[cont'd in next comment]

Matthew said...

[cont'd from previous comment]

I don't understand your comment about Canadian taxes amounting to a 40-50% profit, so I can't respond to that.

As a former resident of Northern Ontario, I can attest to the shortage of doctors in rural parts of the province. There are moderate (and recently improved) bonuses and programs in place to encourage doctors to practice in under-serviced areas. But even an American-style health care system is not enough to make up for the competitive disadvantages facing remote northern communities (like cold weather, vast distances, the absence of colleagues for support, inadequate local education for children, limited employment opportunities for spouses, limited social/cultural activities, just to name a few). The situation in Ontario isn't much different than that in Alaska ... or many other rural states.

It is true that many Canadians do not have a family doctor. But simply "not having a primary care physician" (either in the U.S. or Canada) does not leave you in the emergency room. I haven't "had a family doctor" since I left home for university nearly 20 years ago. I've seen doctors several times since, but never once had to resort to the emergency room.

As for Congressmen Shadegg and Hoekstra's article, they correctly note that nobody is focused on controlling costs. As they say, "the health-care market is a stacked deck that favors insurance companies rather than patients."

But their proposed solution is almost literally offering a Band-aid solution to cancer.

Shadegg and Hoekstra compare health insurance to car insurance, which is an interesting choice.

One of the ideas that's floating out there is to require all Americans to carry health care insurance. That's already part of the deal for drivers: you have to have car insurance. One should note, however, that about 15% of American drivers don't. Heck, I pay for additional insurance to cover the possibility of getting hit by an uninsured/under-insured motorist. Don't think health care would be any different.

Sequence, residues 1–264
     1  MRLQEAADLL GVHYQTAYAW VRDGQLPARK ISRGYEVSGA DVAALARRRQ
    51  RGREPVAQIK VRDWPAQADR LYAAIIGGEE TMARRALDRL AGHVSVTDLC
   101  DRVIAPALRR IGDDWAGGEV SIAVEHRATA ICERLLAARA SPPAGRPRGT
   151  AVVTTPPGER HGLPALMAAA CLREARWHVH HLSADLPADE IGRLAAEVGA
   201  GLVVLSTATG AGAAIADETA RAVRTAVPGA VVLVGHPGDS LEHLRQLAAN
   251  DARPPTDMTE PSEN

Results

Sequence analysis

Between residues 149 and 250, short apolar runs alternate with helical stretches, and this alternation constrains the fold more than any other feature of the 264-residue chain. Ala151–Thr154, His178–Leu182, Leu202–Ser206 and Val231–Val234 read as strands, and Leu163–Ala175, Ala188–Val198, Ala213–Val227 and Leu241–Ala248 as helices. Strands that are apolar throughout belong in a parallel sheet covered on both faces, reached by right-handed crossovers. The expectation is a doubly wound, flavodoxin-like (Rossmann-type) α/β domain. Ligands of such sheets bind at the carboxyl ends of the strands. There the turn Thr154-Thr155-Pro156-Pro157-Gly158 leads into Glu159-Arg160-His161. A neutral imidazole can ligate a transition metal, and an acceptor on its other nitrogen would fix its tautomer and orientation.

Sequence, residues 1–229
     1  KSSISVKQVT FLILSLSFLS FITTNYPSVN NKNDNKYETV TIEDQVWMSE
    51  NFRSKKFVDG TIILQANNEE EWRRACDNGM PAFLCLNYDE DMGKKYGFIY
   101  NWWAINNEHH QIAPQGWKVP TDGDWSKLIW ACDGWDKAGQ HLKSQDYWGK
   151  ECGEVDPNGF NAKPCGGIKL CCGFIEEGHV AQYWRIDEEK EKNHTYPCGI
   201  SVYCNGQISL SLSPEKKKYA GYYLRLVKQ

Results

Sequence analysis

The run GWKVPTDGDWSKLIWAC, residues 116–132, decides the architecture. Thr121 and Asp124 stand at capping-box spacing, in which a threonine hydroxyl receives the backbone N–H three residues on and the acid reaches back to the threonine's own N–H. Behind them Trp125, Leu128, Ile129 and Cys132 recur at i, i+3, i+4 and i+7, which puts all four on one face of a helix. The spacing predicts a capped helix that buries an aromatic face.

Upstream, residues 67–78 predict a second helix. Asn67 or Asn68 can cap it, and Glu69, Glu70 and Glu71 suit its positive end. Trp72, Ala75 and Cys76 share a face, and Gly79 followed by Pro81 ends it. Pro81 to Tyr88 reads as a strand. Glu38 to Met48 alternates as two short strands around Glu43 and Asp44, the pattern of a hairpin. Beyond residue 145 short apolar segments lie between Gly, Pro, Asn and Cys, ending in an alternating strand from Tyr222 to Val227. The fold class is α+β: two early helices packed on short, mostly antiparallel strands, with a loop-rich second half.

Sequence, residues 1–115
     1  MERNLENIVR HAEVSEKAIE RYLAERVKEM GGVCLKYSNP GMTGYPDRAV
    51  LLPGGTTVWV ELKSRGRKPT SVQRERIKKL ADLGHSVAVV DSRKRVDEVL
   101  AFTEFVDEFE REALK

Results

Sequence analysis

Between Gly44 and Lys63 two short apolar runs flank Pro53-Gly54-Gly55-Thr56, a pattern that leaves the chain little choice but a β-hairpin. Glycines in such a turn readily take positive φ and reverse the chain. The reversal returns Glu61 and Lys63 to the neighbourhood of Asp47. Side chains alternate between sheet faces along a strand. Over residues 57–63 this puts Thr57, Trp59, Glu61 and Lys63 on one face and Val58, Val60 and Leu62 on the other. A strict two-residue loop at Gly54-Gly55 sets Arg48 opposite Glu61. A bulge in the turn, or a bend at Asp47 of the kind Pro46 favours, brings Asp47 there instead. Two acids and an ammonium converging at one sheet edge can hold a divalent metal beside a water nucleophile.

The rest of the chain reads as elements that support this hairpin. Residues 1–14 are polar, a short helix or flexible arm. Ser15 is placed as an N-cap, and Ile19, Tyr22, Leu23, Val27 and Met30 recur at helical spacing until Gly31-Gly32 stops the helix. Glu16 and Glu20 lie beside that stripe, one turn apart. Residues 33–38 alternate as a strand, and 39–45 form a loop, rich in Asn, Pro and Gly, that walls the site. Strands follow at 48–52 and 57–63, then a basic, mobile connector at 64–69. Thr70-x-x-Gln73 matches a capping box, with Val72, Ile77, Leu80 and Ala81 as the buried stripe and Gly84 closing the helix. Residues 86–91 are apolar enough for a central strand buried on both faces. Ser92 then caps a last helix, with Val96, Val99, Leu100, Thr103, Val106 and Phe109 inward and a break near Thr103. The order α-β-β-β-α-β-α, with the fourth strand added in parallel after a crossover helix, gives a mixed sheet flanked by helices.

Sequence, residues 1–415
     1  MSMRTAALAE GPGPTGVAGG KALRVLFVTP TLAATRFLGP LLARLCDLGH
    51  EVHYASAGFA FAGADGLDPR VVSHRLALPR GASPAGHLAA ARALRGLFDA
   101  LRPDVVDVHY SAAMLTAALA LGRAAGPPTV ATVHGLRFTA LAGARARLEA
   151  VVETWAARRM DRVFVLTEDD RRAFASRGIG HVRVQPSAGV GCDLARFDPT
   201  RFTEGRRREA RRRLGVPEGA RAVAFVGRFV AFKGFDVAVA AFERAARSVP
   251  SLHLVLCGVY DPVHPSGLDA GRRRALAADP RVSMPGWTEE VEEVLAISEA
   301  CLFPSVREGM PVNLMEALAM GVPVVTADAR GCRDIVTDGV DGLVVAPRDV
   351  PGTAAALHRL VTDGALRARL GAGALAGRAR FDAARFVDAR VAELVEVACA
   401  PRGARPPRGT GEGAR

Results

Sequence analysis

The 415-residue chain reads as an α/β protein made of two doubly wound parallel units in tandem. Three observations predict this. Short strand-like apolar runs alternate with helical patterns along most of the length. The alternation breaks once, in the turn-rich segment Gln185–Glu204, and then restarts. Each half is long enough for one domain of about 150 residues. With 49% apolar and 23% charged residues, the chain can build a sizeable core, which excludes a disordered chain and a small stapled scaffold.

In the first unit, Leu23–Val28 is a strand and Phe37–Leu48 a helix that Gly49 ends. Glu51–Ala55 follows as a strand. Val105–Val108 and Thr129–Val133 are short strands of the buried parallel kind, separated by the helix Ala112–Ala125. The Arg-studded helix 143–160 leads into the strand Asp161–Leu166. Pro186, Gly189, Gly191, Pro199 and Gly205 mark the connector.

Shadegg and Hoekstra would like to see television commercials for health care insurance as we do for cars. This highlights the flaw in their plan. Contrary to their assertion (and what the advertisers imply), those television commercials for Geico and Progressive don't offer "better auto insurance at lower costs," just lower costs. The devil is in the details, and the lower price comes at the expense of higher deductibles, lower limits and more exclusions.

Private health insurance companies can't afford to—and won't—let their profit margins slip. Under Shadegg and Hoekstra's proposal, instead of better service at a better price, Americans will simply be offered reduced prices in return for reduced services. More choices, yes, but not better. Many Americans who now have good (if expensive) insurance through their employers will unknowingly and trade comprehensive coverage for short-term savings. And offering health insurance vouchers to low-income Americans will only ensure that the insurance companies devise a minimal product at that price point.

It seems to me that too much of the debate over the "public option" has been focused on the first word and not on the second. The President's plan does not eliminate the option for Americans to continue with whatever private insurance they have right now. If government-run programs are as inefficient as you suggest, the private companies should have no trouble competing. On the other hand, if the government can do a better job than the private insurance companies, the consumer wins.

Since the Declaration of Independence, Americans have claimed the inalienable rights to life, liberty, and the pursuit of happiness. At least two of these depend directly on one's health. Health care should be a right, not something anyone has to negotiate.

Drew said...

Matthew,
Not to belabor this too much, since the argument is to some degree philosophical and emotional, rather than pragmatic; however, I would like to make a few points.

First is how much it costs the Government to run health care (i.e. 40% or more in addition to the per patient annual expense) is a “guestimate” based on tax revenues vs. payouts. Governments are very good at obfuscating their budgets. While you would hope they are more responsive to scrutiny, they are actually not (have you ever tried to ‘fight City Hall’?).